Turkey rules out Assad’s bid to run in elections as part of Vienna deal

Turkey rules out Assad’s bid to run in elections as part of Vienna deal

Serkan Demirtaş - ANTALYA
Turkey rules out Assad’s bid to run in elections as part of Vienna deal

DHA photo

Turkey categorically ruled out Syrian President Bashar al-Assad’s bid to run for elections after an 18-month political transition period provided by the Vienna agreement, stressing the future of the Syrian leader would be “his personal issue” as the transition was accomplished.

“The issue is when al-Assad is leaving. This will be determined within this transitional period. The new government will be established within six months, [at the] latest on June 30, [2016]. Then an 18-month-long period will begin. Al-Assad’s future will be decided in this period. There are those who voice al-Assad’s bid to run for elections. There is no such option. Al-Assad will leave office at a certain time within this process, as he will transfer all his executive powers to the new government. And he won’t run for elections. Then what will happen to him will be his personal issue,” Turkish Foreign Minister Feridun Sinirlioğlu told reporters, while informing them about the Vienna agreement in Antalya at the G-20 Summit.

The deal reached by key countries in Vienna envisaged a political transition period in Syria beginning Jan. 1, 2016, and ending at the end of 18 months after the completion of elections to be administered by an interim government formed in the first half of 2016.

Russia and Iran, who took part in the meetings in Vienna, had no plans to abandon al-Assad as the Syrian leader, as they said it was up to the Syrian people to decided who they wanted to rule them. Sinirlioğlu, when asked about Russia’s reaction to this idea, said there was no resistance from the Russians.

Although the Turkish minister was firm in not allowing a role for al-Assad in Syria’s future, he admitted there were still blanks that needed to be filled. “There appeared a road map on this but we’ll all see how it will be filled in, how negotiations will be carried out. What is important is that this is a step in the right direction,” he stressed.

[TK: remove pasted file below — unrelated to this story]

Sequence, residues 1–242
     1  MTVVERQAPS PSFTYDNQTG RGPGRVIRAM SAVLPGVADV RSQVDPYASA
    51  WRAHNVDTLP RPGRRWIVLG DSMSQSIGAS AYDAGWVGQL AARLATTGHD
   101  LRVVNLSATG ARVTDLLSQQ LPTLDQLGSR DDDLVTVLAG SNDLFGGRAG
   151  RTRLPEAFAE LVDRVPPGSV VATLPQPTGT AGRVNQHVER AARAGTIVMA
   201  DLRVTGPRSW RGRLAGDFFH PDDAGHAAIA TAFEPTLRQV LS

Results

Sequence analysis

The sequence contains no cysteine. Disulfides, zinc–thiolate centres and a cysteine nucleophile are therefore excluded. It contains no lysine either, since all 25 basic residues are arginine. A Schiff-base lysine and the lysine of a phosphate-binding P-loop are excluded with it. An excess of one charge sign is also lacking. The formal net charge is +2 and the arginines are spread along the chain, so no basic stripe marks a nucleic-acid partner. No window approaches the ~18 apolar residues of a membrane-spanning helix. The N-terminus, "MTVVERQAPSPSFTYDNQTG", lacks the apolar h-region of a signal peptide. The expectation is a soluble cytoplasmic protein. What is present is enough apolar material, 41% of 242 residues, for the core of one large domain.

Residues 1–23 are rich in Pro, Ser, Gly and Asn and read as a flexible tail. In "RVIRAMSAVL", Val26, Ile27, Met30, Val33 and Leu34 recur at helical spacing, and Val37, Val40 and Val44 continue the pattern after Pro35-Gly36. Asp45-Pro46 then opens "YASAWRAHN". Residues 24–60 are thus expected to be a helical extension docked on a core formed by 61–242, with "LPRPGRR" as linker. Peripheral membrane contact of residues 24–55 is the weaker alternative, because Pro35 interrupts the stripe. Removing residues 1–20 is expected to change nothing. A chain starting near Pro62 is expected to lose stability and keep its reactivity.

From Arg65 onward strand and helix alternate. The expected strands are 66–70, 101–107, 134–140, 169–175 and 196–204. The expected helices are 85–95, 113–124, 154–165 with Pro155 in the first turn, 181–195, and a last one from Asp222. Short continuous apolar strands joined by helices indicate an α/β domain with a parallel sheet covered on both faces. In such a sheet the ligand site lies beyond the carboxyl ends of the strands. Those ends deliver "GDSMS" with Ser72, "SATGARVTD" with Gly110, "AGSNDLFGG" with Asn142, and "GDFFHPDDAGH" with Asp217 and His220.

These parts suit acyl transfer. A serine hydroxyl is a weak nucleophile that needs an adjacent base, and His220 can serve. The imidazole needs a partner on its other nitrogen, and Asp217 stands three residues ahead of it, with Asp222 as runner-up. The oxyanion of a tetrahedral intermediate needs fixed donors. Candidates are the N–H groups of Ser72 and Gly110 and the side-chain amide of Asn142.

Fresh operations against ISIL

After the Paris attacks, the fight against the Islamic State of Iraq and the Levant (ISIL) has earned more urgency and significance, as France pounded terrorist positions in Raqqa, Syria, late Nov. 15. Sinirlioğlu confirmed the coalition could launch fresh operations against ISIL positions but ruled out a potential ground operation into Syria.

“It’s not an option for the Turkish land forces to conduct a cross border operation into Syria. There is no such thing. We have some security measures against ISIL. There could be operations as well, but I can’t give information about their scope now. But I can tell you that the Turkey has no intention to hold a cross border operation in Syria. There is no such need,” he said.

OIC has special responsibility

Another point Sinirlioğlu made was the responsibility of the Organization of Islamic Cooperation (OIC) countries, as the perpetrators of extremist attacks, such as the coordinated attack in Paris on Nov. 13 which killed at least 129 people, were exploiting the religion of Islam.

“Because these people who commit such attacks, terrorists are using our religion in the direction of their own understanding. They try to abuse it. We should not allow this. These [attacks] have nothing to do with Islam, a religion, a sect or a nation,” he stated.